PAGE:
Even more than politics, all weather is local. So, while most of the nation basked in record warmth last week, the West Coast was battered again by a system carrying enough water vapor to equal the flow of about 10 Mississippi Rivers.
The storm was the latest hydraulic dump from an “atmospheric river,” a term usually tossed around only by weather nerds like myself, but now part of daily conversations on the West Coast. These airborne streams originate in the Pacific, sometimes 300 miles wide and up to 2,000 miles in length, and become biblical downpours once they collide with coastal mountains.
The result is what you saw on the nightly news: dams falling apart, bridges cracking, highways under water, houses sliding down hillsides, gusts topping 190 mph, and people trying to find their way through San Jose, California, in rescue boats. Snow in the Sierra is at Donner Party depths.
But wait – isn’t all this water from bruised skies a good thing? Didn’t California just go through an existential drought for the ages? Is that the same governor, the unsinkable Jerry Brown, who ordered water rationing two years ago, now requesting a federal emergency to deal with too much water?
Yes, and it’s all connected. What we saw over the last seven years – a drought that brought California to its knees, followed by what could be the wettest year on record – is in the climate forecast models of the future.
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California, and the rest of our poor, fragmented country, is a crippled tangle of old-century solutions to a turbulent new world.
Yesterday’s dams are trying to hold back tomorrow’s climate. And what are we doing about it? We’re building a wall along the Mexican border to fix a problem that’s already taken care of itself. A wall that could cost upward of $30 billion.
After the latest storm, at Big Sur along the road that hugs perhaps the most beautiful coastline in the world, large cracks forced the shutdown of the Pfeiffer Canyon Bridge section of Highway 1. It’s now listed as beyond repair.
At least the fracture was noticed before cars tumbled into the ravine. An additional 2,000 bridges in California are considered structurally deficient.
This is the state that gave us Golden Gate Bridge, that sublime masterpiece, that engineering marvel – built during the Great Depression. As bread lines formed in cities and 1 in 4 adults were out of work, we constructed Hoover Dam, pinching the Colorado River, and Grand Coulee Dam, backing up the mighty Columbia.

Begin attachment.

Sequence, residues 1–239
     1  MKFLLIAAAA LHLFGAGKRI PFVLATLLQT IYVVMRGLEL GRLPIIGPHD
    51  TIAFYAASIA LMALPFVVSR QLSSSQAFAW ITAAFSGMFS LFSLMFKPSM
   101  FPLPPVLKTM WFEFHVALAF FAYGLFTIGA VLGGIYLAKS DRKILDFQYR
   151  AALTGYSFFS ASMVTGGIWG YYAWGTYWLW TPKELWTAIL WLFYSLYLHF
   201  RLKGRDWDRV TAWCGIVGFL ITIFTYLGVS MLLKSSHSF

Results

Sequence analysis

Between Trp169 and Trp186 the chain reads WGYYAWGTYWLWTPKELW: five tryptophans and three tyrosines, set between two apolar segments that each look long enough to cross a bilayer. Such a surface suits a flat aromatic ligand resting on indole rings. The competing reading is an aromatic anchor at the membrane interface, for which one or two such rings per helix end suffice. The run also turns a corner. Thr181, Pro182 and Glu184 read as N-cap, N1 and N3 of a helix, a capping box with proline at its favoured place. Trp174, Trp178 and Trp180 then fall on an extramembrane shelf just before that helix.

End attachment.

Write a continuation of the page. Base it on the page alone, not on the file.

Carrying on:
We built bridges and roads and dams to make life easier, to light cities, to invest in tomorrow. Grand Coulee’s original project name was the Planned Promised Land – a Pacific Northwest Eden for all those Dust Bowl refugees.
In the 1950s, under President Dwight Eisenhower, we constructed an Interstate highway system that was the envy of the world. It connected red states to blue, prairie to mountain. It was all part of the American Century.
Now, the focus is on a useless wall to salve the delusions of a ranting demagogue. It would be fitting if the only infrastructure legacy of the Donald Trump era was something that did not bring water to a desert, or span a gaping chasm, or electrify a rural state, but was an ugly barrier sending this message: Keep out.
On top of that, Trump is taking measures to ensure the climate gets ever more erratic, ordering federal agencies to allow major polluters to spit more greenhouse gas into the atmosphere.
It’s no secret that the physical foundation of the country is falling apart. During the campaign, Trump promised a $1 trillion infrastructure investment. That amount was cut in half in the transition. And now it looks like the administration will propose nothing for this year.
Their plate is full. In other words, the administration is too busy trying to take away people’s health care, rounding up immigrants and preparing a tax cut to treat our broken system like the national emergency it is.
Well, surely Congress will act. I’m kidding, of course. For Republicans on the Trump train, America First is something you shout at foreigners, not a design for a better country. Republicans hated President Barack Obama’s injection in 2009 of much-needed financial support for all the bandaged bridges across the fruited plain.
And a huge new investment would surely require the one thing that Republicans hate most: a tax increase.
So, we look to the skies, and pray, or curse, or cower. The next big storm isn’t expected to hit California until Sunday. It’s their problem, right? Not for long. All weather is local, until it isn’t.
Timothy Egan is a columnist for The New York Times News Service.